BlackBerry doubles down on security and privacy
By Goh Thean Eu July 27, 2015
- Not just the vision but the ability to execute it, says CEO
- To tap into opportunities in the IoT and M2M space as well
ALTHOUGH consumer-facing tech companies like Apple Inc and Google Inc are starting to penetrate the enterprise segment, BlackBerry Ltd believes its focus on security and privacy gives it an edge in that space.
“I have been with the company for about 21 months, and from Day 1, I recognised the fact that the company has some greatness in pursuing security and privacy,” BlackBerry chief executive officer John Chen (pic, above) told the BlackBerry Security Summit in New York on July 23.
“We believe that we are the No 1 industry leader in not only having the vision, but also being able to execute it,” he added.
Chen said that while security concerns for the individual usually revolve around privacy, for enterprises it is more about data and leakage, and information being stolen or reviewed by others.
Ontario-based BlackBerry is seeing increasing competitive pressure in the enterprise space, a roost it once ruled.
Last year, Apple announced a tie-up with IBM to develop apps for enterprise clients. Meanwhile, Google announced plans to incorporate Samsung Knox technology to strengthen the security of its Android operating system.
Boosting security, organically and inorganically
In a select group interview at the sidelines of the summit, BlackBerry chief security officer David Kleidermacher (pic) claimed that the company has solved some of the most challenging problems when it comes to enterprise security.
“Technology know-how is part of the DNA of the company and is everything we do,” he declared.
“Apple is a great company, it has a lot of security … but fundamentally, it is a consumer company.
“Because we are laser-focused on the enterprise space, security has to be our No 1 priority.
“There are a lot of companies with great technologies out there – do they have the same attitude? I don’t think so,” he added.
Over the past 18 months, BlackBerry has been strengthening its security offerings – either by developing it in-house, or via mergers and acquisitions. According to Chen, the company had identified security as one of its major strategies about one-and-a-half years ago.
To do so, it looked at its BlackBerry Enterprise Service (BES) platform and its BlackBerry messaging (BBM) platform, and set out to fill in the security gaps.
“Just organically, last year we spent over US$100 million on creating more products on security. So I feel pretty good that all our operating units are focusing on security being the No 1 priority and principle,” said Chen.
The company is also actively acquiring companies. On July 22, it announced it is planning to buy privately-held crisis communications solutions provider AtHoc Inc for an undisclosed price. The acquisition is pending regulatory approval and is expected to be completed in September.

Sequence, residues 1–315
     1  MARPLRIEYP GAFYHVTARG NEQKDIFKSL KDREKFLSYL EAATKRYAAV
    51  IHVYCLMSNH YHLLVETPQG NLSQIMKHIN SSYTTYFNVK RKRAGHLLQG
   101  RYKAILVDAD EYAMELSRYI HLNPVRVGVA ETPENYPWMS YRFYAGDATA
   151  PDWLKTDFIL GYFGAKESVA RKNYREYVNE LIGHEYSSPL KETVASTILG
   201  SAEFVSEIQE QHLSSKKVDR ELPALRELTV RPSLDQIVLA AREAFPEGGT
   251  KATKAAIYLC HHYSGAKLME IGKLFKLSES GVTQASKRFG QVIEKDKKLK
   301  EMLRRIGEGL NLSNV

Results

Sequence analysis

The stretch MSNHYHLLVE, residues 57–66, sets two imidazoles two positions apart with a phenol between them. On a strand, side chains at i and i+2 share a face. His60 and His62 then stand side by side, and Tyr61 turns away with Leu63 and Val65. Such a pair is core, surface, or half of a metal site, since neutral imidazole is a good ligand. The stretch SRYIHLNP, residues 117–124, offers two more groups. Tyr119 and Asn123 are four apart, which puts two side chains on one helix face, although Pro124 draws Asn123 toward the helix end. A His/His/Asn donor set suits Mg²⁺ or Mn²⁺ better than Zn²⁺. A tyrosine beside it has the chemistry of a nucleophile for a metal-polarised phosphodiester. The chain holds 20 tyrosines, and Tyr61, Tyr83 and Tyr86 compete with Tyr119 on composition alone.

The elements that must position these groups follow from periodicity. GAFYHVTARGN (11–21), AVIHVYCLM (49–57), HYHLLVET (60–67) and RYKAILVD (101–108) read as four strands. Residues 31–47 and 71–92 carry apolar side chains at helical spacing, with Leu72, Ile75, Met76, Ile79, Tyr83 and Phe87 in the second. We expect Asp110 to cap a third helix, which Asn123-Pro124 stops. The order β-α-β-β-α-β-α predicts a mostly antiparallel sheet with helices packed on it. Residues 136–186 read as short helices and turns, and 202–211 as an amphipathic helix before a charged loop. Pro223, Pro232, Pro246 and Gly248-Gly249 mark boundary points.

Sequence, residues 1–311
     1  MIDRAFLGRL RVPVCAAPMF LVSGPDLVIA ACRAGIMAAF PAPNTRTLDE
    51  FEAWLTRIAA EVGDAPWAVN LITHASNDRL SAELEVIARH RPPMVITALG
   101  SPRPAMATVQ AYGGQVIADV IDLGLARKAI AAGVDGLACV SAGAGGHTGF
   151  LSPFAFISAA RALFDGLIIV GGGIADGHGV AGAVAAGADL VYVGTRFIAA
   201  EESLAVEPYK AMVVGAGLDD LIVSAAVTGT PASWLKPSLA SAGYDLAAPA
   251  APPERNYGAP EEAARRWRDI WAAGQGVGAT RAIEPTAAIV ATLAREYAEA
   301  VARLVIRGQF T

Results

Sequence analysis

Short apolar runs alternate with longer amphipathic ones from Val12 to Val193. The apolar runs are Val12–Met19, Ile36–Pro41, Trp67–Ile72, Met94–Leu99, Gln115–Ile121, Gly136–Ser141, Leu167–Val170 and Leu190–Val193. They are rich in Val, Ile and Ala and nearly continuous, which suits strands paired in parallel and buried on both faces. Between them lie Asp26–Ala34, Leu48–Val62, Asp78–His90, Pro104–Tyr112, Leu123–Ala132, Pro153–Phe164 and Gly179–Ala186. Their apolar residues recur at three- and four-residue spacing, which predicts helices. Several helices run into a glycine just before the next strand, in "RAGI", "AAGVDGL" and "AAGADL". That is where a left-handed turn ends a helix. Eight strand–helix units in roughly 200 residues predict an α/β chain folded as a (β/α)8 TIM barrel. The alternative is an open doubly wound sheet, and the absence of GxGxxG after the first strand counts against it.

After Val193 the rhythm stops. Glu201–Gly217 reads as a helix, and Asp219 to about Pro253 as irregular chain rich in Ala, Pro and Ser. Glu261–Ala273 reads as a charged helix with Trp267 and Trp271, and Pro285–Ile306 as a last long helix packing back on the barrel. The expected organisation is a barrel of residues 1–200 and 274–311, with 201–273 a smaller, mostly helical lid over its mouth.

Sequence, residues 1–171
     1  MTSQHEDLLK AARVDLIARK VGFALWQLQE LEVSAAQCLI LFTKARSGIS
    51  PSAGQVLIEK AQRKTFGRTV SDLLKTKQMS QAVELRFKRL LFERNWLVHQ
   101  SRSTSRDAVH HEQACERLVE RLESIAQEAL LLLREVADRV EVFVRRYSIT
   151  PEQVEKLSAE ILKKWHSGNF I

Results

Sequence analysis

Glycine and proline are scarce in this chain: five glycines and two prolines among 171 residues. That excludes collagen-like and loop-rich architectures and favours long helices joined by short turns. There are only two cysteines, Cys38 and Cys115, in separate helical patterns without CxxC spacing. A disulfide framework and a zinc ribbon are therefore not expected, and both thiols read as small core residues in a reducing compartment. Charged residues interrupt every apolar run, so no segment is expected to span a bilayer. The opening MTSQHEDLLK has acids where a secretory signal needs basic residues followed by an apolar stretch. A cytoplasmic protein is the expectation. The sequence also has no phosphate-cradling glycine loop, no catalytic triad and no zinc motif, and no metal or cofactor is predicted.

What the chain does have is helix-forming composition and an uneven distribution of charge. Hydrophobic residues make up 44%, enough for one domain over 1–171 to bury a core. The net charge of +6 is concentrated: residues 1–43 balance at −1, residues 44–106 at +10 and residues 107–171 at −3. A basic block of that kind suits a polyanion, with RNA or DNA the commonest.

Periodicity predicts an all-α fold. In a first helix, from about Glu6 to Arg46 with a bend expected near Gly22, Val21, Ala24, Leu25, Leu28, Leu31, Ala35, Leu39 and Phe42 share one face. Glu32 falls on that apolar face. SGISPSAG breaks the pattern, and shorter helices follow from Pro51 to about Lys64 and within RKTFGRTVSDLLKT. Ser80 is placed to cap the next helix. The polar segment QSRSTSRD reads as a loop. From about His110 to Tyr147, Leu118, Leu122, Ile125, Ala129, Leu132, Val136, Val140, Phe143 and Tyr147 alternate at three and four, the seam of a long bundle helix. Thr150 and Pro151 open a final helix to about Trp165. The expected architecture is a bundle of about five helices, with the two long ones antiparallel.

In April, BlackBerry also announced that it will acquire data security firm WatchDox. Last July, it announced that it was buying German anti-eavesdropping solutions provider SecuSmart.
“Last year when we had this summit, we announced the acquisition of SecuSmart; and this year, also very coincidentally, we announced the acquisition of AtHoc,” said Chen.
“So next year, there is not going to be any announcements because I can’t follow that – it’s too much pressure building up on me,” he quipped.
M2M and IoT vulnerabilities
Chen said that cybersecurity has become a hot topic today.
“I was very amazed when I looked at the news that somebody had hacked a Cherokee Jeep ... [because] one to three years ago, if someone had done it in their living room and put it up on YouTube, nobody would have picked it up. This time, it was picked up by many media [outlets].
“It actually validates what we have been trying to do and what we have been believing for so long,” he added.
At the BlackBerry Security Summit, the company had a live demonstration to illustrate how easy it is for one to remotely hack into a medical device like an infusion pump.
Its security focus will also help BlackBerry tap opportunities in the machine-to-machine (M2M) and the Internet of Things (IoT) space, company executives believe.
In 2010, BlackBerry acquired QNX, which specialises in middleware and development tools as well as operating systems for the embedded market. QNX is being aimed at the IoT space, especially in the automotive and healthcare sectors.
IDC predicts that the IoT market, which includes technologies and services, will be worth US$8.9 trillion by 2020, and BlackBerry chief operating officer Marty Beard believes that the immediate opportunities for his company are worth US$14 billion.
“These are the markets we know we will win and we are going to attack aggressively,” he said, referring especially to the automotive and healthcare sectors.
BlackBerry is also looking into the development of a cybersecurity assurance standard.
“Currently, the world does not have a way to evaluate the security of connected devices (like the infusion pump),” said Kleidermarcher.
“We don’t really have a standard written yet, but we have ideas on how we want to build it. We have a roadmap on what to do, but it will take time,” he added.
Kleidermarcher said he believes that once the security standards for connected devices are in place, end-users would have more peace-of-mind, and this would spur the demand and take-up rate of connected devices.
Goh Thean Eu reporting from the BlackBerry Security Summit in New York at the kind invitation of BlackBerry Ltd. All editorials are independent.
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